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Spectrum: Autism Research News

Reversing autism-related disorders

by  /  16 November 2008

This article is more than five years old. Autism research — and science in general — is constantly evolving, so older articles may contain information or theories that have been reevaluated since their original publication date.

Small steps: Scientists have had some success reversing the symptoms of tuberous sclerosis complex and fragile X syndrome in mice.

Research on mouse models published in the past year is paving the way to reversing the symptoms of some autism-related disorders, National Institutes of Health directors told a packed room of 80 reporters yesterday morning at the Society for Neuroscience conference.

Researchers have in particular had success with treating tuberous sclerosis complex (TSC), a rare genetic disorder associated with epilepsy and autism, and with fragile X syndrome, the most common cause of autism.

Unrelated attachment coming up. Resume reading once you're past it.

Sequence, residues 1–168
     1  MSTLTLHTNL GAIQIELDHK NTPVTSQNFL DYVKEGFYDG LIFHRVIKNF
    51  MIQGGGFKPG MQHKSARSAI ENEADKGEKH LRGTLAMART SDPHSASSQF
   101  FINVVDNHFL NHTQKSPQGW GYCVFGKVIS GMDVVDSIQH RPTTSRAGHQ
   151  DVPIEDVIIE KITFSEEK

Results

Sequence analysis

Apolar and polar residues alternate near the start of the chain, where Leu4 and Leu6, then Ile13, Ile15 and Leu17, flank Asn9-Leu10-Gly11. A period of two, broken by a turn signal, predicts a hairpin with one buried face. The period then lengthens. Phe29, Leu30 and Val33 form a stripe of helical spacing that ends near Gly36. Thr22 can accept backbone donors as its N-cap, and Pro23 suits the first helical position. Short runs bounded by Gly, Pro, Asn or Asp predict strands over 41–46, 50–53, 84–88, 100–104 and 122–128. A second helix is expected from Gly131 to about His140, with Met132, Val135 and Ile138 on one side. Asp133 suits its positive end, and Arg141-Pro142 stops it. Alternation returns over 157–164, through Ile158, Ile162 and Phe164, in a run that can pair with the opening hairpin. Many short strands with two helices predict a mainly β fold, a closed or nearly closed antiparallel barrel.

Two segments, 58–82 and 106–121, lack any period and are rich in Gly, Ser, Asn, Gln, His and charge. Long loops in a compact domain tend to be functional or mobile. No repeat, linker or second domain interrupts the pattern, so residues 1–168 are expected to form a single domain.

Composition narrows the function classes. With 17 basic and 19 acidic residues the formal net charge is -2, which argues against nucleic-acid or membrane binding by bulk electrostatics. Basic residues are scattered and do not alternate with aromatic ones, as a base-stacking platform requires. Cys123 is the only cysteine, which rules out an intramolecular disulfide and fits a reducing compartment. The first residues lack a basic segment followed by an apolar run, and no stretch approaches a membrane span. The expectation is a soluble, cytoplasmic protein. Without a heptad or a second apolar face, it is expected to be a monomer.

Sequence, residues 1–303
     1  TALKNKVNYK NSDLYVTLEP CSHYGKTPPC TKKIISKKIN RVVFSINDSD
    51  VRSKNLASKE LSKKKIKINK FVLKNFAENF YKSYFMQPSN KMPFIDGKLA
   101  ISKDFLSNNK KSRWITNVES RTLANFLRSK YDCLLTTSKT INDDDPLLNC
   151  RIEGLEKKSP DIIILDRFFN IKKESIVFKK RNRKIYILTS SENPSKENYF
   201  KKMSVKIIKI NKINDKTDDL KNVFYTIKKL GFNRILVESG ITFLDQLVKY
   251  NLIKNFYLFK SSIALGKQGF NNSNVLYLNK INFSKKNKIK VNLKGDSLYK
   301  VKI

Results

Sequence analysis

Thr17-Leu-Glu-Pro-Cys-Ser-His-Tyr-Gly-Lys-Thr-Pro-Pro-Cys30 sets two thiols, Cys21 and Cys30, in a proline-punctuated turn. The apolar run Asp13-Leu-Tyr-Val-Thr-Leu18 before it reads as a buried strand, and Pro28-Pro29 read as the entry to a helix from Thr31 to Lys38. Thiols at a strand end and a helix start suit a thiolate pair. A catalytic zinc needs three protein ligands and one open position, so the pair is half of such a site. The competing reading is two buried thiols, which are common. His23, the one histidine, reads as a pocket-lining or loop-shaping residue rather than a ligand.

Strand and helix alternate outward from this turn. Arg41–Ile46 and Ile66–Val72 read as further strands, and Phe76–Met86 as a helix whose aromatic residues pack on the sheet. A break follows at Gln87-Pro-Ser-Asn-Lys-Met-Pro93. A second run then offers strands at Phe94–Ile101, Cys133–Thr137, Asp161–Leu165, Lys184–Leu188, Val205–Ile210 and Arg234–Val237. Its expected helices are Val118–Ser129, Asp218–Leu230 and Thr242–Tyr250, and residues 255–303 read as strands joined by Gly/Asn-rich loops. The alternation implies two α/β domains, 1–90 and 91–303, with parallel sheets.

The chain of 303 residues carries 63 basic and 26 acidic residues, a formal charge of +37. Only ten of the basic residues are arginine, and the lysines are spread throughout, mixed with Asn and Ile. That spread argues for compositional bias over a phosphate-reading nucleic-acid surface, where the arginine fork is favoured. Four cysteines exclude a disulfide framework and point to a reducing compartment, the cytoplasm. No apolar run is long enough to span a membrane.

Alcino Silva, a researcher at the University of California, Los Angeles, has shown that the drug rapamycin reverses learning and memory problems associated with TSC in a mouse model of the disease.

Last year, Mark Baer and his colleagues at the Massachusetts Institute of Technology also showed that dampening the activity of a glutamate receptor called mGluR5 reverses symptoms of fragile X syndrome in mice.

“These are diseases that we thought the damage was irrevocable,” said Story Landis, director of the National Institute of Neurological Disorders and Stroke. “[This] work made it clear that it may be quite possible to intervene pharmacologically or genetically, and have a significant effect on the development of these kids.”

Two other research areas, epigenetics and stem cell therapies, are expected to play increasingly important roles in the study of autism-related disorders.

“I canʼt emphasize enough how exciting [epigenetics] is,” said Thomas Insel, director of the National Institute of Mental Health. “Thatʼs probably the hot thing for 2008.”

For all reports from the Society for Neuroscience annual meeting, click here.